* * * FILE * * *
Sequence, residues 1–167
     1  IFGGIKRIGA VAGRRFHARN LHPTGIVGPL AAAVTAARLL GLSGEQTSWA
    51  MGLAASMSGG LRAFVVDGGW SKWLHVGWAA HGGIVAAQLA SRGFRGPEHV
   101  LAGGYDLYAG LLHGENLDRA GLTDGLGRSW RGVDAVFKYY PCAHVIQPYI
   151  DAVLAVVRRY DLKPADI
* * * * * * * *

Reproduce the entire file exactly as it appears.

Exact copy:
Sequence, residues 1–167
     1  IFGGIKRIGA VAGRRFHARN LHPTGIVGPL AAAVTAARLL GLSGEQTSWA
    51  MGLAASMSGG LRAFVVDGGW SKWLHVGWAA HGGIVAAQLA SRGFRGPEHV
   101  LAGGYDLYAG LLHGENLDRA GLTDGLGRSW RGVDAVFKYY PCAHVIQPYI
   151  DAVLAVVRRY DLKPADI